Rob Sharp

Rob Sharp is a freelance journalist specialising in arts and culture. He was on staff at The Independent from July 2007 to December 2011, first as a features writer, and then as the paper’s arts correspondent. He has written for a wide range of newspapers and magazines. For more information visit his website, www.robsharp.com or email him at rs@robsharp.com.

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Cressida Hubbard (third from left) and Lily Markiewicz (on the right) with their co-housing colleagues in Hackney

How to build a house...with 20 friends: Families across the country are turning to co-housing

Groups of families - put off by huge house prices- are joining together to build their own housing complexes from scratch
2008. Battle Company

Tim Hetherington: The humanity of war

Photographer Tim Hetherington was killed on assignment. But his legacy, an extraordinary portfolio that captures everyday life in the heat of battle in Afghanistan, lives on – as a new exhibition shows. By Rob Sharp

James Salter: Tears up the creative writing rulebook

Review: All That Is, By James Salter

It would be discourteous to suggest that James Salter's first novel for 35 years could be his last – but it would provide a fine epitaph

John Le Carré: Tackles modern themes, but his latest novel’s soul is rooted in the Cold War

Review: A Delicate Truth, By John le Carré

The spy who came in from the shadow of the wall

Review: The Hunger and the Howling of Killian Lone, By Will Storr

Can't stand the hero? Leave the kitchen

Yes, I can wear pants all day, but the novelty wears off – there’s work to be done

The clichés about  working from home are true. You can stay in your underpants all day

Bradbury lets 'Farenheit 451' join e-book revolution

Ray Bradbury, the author of science fiction novel Fahrenheit 451, had always forbidden his book from being published electronically, claiming e-books "smell like burned fuel". But now the author, 91, has caved in under pressure from his publisher.

Frequent swearers such as Gordon Ramsay can utter profanities without feeling an emotional response, and thus do not get the same pain-relieving effects

Swearing is good for you (unless you're like Gordon)

Study reveals that cursing can relieve pain – but only when practised in moderation

Computing in class 'needs reboot'

One of the country's top games experts says Britain is missing out on the opportunity to nurture the next creator of Facebook, Twitter or Google because of the way computing is taught in schools.

Activists from Liberate Tate pouran oil-like substance over a naked group member in the middle of the Tate Britain

Tate trustee reignites BP row ahead of Turner Prize

Patrick Brill brands oil company "a disgrace", as campaign groups call for end of sponsorship deal

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Day In a Page

Syrian conflict is the world's first 'climate change war', say scientists, but it won't be the last one

Climate change key in Syrian conflict

And it will trigger more war in future
How I outwitted the Gestapo

How I outwitted the Gestapo

My life as a Jew in wartime Berlin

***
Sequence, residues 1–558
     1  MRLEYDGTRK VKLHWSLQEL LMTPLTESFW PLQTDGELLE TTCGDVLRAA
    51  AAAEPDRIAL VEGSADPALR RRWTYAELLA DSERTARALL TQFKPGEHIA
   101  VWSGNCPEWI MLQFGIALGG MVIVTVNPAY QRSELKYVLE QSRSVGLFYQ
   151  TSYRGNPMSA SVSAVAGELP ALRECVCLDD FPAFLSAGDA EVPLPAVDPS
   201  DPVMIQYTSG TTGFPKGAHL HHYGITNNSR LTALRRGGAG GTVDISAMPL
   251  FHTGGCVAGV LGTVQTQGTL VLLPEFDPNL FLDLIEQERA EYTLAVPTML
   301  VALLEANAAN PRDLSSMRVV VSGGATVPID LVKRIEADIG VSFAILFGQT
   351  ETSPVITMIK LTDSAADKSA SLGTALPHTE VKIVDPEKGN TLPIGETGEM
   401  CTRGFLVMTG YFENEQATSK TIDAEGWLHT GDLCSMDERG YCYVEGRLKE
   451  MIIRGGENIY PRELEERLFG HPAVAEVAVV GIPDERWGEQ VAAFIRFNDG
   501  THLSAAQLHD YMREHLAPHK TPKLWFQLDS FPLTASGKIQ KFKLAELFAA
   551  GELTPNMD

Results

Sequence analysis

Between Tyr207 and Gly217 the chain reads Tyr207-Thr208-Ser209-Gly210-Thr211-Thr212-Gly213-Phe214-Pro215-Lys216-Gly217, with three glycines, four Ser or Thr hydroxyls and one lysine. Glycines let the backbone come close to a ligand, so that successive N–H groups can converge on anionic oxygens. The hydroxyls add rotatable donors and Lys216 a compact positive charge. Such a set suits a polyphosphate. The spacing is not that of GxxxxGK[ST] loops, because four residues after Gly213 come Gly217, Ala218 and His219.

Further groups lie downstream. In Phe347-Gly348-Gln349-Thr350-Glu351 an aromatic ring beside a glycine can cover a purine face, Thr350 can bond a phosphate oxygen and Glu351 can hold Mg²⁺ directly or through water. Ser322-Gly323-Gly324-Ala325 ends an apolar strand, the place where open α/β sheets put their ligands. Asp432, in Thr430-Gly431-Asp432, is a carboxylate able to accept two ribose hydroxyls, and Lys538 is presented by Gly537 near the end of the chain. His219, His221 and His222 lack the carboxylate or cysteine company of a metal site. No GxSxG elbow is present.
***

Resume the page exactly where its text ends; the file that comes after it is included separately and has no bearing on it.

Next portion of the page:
The nation's favourite animal revealed

The nation's favourite animal revealed

Women like cuddly creatures whilst men like creepy-crawlies
Is this the way to get young people to vote?

Getting young people to vote

From #VOTESELFISH to Bite the Ballot
Poldark star Heida Reed: 'I don't think a single bodice gets ripped'

Poldark star Heida Reed

'I don't think a single bodice gets ripped'
The difference between America and Israel? There isn’t one

The difference between America and Israel? There isn’t one

Netanyahu knows he can get away with anything in America, says Robert Fisk
Families clubbing together to build their own affordable accommodation

Do It Yourself approach to securing a new house

Community land trusts marking a new trend for taking the initiative away from developers
Head of WWF UK: We didn’t send Cameron to the Arctic to see green ideas freeze

David Nussbaum: We didn’t send Cameron to the Arctic to see green ideas freeze

The head of WWF UK remains sanguine despite the Government’s failure to live up to its pledges on the environment
Author Kazuo Ishiguro on being inspired by shoot-outs and samurai

Author Kazuo Ishiguro on being inspired by shoot-outs and samurai

Set in a mythologised 5th-century Britain, ‘The Buried Giant’ is a strange beast
With money, corruption and drugs, this monk fears Buddhism in Thailand is a ‘poisoned fruit’

Money, corruption and drugs

The monk who fears Buddhism in Thailand is a ‘poisoned fruit’
America's first slavery museum established at Django Unchained plantation - 150 years after slavery outlawed

150 years after it was outlawed...

... America's first slavery museum is established in Louisiana
Kelly Clarkson: How I snubbed Simon Cowell and become a Grammy-winning superstar

Kelly Clarkson: How I snubbed Simon Cowell and become a Grammy-winning superstar

The first 'American Idol' winner on how she manages to remain her own woman – Jane Austen fascination and all
Tony Oursler on exploring our uneasy relationship with technology with his new show

You won't believe your eyes

Tony Oursler's new show explores our uneasy relationship with technology. He's one of a growing number of artists with that preoccupation
Ian Herbert: Peter Moores must go. He should never have been brought back to fail again

Moores must go. He should never have been brought back to fail again

The England coach leaves players to find solutions - which makes you wonder where he adds value, says Ian Herbert
War with Isis: Fears that the looming battle for Mosul will unleash 'a million refugees'

The battle for Mosul will unleash 'a million refugees'

Aid agencies prepare for vast exodus following planned Iraqi offensive against the Isis-held city, reports Patrick Cockburn